Blackberries seem to be my thing this summer. Its funny how every season, something peaks your interest and you want to use it in everything. Since blackberries are pretty tart and quite expensive most of the time, their not always top priority but—.
I happened to come across this scone recipe the other day. It uses self-rising flour, a staple I don’t always have on hand. The recipe seemed interesting in the way that it used buttermilk and lemon zest and not a lot of sugar with these tart berries. Mind you, they do have a bit of glaze on them.
If your not familiar with self-rising flour, it is a mixture made up of regular flour, baking powder and salt. The leavening power of the baking powder is mixed evenly throughout the flour, so you will automatically get that nice rise out of your baked goods every time.
Self-rising flour was invented in England in the 1800’s as a way for sailors to create better baked goods while on board. The idea was patented in the USA around 1849, which eventually led to the creation of mass-market baking mixes such as Bisquick, cake mixes, etc. Self-rising flour should only be used for its specific purpose as it will not work well with breads that are yeasty.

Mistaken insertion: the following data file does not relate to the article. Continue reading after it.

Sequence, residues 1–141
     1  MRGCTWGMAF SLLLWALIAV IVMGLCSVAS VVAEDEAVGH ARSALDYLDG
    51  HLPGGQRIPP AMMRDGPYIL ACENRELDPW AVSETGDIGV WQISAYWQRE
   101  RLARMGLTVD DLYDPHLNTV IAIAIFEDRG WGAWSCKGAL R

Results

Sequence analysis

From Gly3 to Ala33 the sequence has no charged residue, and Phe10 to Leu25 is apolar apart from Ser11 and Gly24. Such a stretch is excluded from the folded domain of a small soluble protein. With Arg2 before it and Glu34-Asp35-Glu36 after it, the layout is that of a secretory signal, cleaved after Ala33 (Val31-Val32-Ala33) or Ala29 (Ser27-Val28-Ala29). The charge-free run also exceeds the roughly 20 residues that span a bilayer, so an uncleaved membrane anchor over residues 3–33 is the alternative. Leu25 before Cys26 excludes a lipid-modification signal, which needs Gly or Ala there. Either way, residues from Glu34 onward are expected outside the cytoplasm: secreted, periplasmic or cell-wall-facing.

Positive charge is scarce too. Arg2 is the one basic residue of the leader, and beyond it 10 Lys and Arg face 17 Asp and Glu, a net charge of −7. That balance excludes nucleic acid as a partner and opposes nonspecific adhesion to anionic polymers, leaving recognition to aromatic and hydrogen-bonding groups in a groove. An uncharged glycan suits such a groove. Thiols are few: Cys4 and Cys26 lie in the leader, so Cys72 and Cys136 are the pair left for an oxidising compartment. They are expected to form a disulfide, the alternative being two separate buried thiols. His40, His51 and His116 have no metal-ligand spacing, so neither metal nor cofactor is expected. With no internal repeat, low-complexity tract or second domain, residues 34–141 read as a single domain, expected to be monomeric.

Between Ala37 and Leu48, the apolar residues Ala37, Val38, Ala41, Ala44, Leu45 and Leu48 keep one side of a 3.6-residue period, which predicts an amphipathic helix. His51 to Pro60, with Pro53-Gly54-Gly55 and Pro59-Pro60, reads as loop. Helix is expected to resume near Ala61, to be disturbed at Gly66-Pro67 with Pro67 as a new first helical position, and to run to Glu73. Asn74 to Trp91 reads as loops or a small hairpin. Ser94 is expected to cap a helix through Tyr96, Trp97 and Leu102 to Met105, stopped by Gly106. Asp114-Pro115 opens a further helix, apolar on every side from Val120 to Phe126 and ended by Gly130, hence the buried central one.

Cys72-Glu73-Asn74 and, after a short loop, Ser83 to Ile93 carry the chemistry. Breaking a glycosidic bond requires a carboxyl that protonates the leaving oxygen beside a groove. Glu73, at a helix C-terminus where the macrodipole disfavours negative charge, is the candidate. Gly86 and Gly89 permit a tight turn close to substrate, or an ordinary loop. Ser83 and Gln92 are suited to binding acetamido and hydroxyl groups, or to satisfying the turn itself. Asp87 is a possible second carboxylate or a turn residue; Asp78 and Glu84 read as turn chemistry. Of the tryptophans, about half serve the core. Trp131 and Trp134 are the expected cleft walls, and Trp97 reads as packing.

You can make your own by combining 1 cup of all-purpose flour, 1 1/2 tsp baking powder and 1/4 tsp fine salt. Keep in mind that most store-bought self-rising flours will contain a ‘softer’ or lower protein content flour than your typical all-purpose flour. This means that your end result, should you use regular all-purpose flour, will be slightly less tender (but still good).
Because of the baking powder, self-rising flour has a shorter shelf life than other flours. For that reason, it is always sold packaged in small quantities.
All that being said, these scones are amazingly tender. The glaze was truly ‘the icing on the cake’. They are sooo-– good!